Austrian Economics: What Business Executives Should Know

This recession has brought out a great deal of talk about the Austrian approach to economics, a subject I studied intensely in my student years.  This post is a brief primer for the mainstream business owner or manager.

Austrian economics is not at all about Austria; it is a school of
thought that originated with a few very influential Austrian
economists, including Carl Menger, Ludwig von Mises and Friedrich Hayek.  Austrian Economics is often considered synonymous with free market economics, but that’s an error.  Milton Friedman was not an Austrian in his methodology or conclusions, though he was an ardent free market supporter. 

Two aspects of Austrian Economics are particularly important for the business leader: the Austrian theory of the business cycle, and Austrian approach to information within the economy, including within the corporation.

The Austrian Theory of the Business Cycle

The recession has brought out the Austrians, who claim to have forecast the downturn well in advance.  The problem here is that some were forecasting recession many years early, which is counterproductive to successful business planning.  The key concept of the Austrian theory of the business cycle is that easy money causes imbalances in the economy, and recession is the process whereby the imbalances are corrected.  This theory takes on overtones of morality: sinful excesses must be atoned for.

The Austrians are not alone in their monetary approach to the business cycle.  The monetarist school, led by Friedman in the late 20th century, viewed changes in the money supply as a central cause of business cycles, but with a different internal logic.

After a good bit of study, I find the Austrian approach to the business cycle lacking in rigor.  The key insight has validity, but has been incorporated into better economic models.  The Austrians traditionally eschew econometric models, which hampers their ability to predict magnitude and timing of fluctuations.

However, I am increasingly incorporating Austrian concepts into my analysis of activities within a corporation, and in interaction among corporations.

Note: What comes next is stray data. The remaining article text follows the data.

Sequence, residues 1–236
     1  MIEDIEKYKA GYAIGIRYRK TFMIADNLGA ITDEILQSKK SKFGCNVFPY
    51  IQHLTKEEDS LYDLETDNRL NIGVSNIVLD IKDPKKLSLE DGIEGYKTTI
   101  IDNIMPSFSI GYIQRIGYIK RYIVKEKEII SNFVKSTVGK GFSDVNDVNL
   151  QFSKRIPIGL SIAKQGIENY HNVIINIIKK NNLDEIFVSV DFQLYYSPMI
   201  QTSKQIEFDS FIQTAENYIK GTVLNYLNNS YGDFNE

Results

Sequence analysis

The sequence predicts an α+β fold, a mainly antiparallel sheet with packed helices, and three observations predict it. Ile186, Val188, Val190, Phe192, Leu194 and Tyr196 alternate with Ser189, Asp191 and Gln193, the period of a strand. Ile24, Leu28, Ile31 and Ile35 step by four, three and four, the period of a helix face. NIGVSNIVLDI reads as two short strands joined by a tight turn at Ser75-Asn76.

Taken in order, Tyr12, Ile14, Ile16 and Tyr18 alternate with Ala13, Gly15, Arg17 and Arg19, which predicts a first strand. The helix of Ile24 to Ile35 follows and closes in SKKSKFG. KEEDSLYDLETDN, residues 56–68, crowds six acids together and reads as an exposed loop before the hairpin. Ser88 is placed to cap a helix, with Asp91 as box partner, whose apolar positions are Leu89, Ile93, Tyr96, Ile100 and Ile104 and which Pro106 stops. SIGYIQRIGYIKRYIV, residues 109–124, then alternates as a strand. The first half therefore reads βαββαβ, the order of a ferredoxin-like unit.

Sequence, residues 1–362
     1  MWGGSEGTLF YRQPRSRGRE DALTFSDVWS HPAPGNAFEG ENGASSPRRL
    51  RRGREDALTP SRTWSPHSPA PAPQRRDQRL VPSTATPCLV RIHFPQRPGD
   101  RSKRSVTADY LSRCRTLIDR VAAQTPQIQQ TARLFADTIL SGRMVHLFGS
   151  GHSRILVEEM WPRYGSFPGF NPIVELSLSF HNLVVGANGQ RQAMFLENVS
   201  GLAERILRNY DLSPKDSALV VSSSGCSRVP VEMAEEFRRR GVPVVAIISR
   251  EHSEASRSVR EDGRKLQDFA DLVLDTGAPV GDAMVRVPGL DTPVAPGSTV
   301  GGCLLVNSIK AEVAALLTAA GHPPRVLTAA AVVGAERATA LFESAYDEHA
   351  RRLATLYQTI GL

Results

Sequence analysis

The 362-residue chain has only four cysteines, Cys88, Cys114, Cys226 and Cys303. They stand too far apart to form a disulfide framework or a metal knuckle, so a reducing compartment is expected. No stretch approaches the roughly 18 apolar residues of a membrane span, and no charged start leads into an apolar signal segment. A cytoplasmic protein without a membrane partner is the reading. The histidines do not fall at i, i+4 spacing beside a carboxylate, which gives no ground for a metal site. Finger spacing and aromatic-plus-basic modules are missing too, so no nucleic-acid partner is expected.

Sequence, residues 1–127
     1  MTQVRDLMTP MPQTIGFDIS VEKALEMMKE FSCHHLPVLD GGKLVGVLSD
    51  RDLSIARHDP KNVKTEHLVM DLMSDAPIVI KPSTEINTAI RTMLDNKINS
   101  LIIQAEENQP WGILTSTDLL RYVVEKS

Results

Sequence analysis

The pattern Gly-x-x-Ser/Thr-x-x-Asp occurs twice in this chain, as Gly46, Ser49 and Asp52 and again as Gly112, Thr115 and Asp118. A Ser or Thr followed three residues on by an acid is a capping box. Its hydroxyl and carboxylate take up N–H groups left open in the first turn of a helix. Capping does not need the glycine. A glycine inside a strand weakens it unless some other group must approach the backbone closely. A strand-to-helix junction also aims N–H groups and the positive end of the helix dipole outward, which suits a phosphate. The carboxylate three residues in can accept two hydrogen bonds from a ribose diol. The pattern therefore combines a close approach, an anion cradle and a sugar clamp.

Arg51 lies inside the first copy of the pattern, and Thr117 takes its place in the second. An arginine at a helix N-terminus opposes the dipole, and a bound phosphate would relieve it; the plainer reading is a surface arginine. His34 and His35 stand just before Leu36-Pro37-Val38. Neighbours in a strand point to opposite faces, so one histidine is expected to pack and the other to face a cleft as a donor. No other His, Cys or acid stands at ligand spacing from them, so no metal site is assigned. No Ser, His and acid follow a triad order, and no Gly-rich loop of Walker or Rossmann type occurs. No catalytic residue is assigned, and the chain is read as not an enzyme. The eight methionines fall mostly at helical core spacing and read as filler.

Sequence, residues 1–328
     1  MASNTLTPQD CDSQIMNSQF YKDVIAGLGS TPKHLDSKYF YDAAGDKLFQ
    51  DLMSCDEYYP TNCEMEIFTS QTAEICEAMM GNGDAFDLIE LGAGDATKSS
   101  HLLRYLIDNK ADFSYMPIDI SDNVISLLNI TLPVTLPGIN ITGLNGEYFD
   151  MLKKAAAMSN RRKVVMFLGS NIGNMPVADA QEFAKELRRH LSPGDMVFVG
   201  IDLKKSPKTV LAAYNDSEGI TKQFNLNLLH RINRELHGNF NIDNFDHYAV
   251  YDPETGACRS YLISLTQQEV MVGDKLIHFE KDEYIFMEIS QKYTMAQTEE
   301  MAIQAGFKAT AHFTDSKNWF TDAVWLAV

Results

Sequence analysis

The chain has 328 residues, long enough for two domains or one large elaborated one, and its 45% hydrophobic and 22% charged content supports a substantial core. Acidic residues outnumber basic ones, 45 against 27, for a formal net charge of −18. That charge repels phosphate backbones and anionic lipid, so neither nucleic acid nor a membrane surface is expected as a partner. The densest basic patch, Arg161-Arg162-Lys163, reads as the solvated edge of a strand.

The Austrian Theory of Information

When Socialism was all the rage, Friedrich Hayek had two key insights into why it would fail.  First, Hayek said that the knowledge needed to make good economic decisions is very detailed and resides deep within the enterprise.  For instance, consider a simple piece of aluminum strip that might run along the side of a product. An engineer might specify a width of 1 and 5/32 inches, because that’s the minimum size needed for structural support.  But the purchasing manager may have an opinion about whether using a slightly larger but standard size would be cheaper.  And a designer might have some thought about esthetic proportions, and how they would impact consumer perceptions.  The shipping manager might also weigh in on weight issues.  The best decision may incorporate very detailed knowledge from several people, none of whom are particularly high up in the organization.  Central planners have no way of knowing this level of detail.  That’s an important insight for public policy, and also for corporate strategy.  If too many decisions are made at the highest levels, the detailed low-level information will not be used, resulting in poor decisions.  This is one reason why smaller companies frequently grow to challenge the big boys.

Furthermore, Hayek argued, this detailed, low-level knowledge is continually changing.  The standard sizes may change over time; production tolerances changes; esthetic preferences change.  New materials are developed, and new ways to process old information are found.  A Soviet Five Year Plan will be hopelessly out of date when finalized, as will be your corporate strategy.

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Although I incorporate many Austrian insights into my work, I also use plenty of non-Austrian theories and models.  It doesn’t make sense to limit one’s field of vision.  In the words of Milton Friedman, “There is no Austrian economics – only good economics, and bad economics.”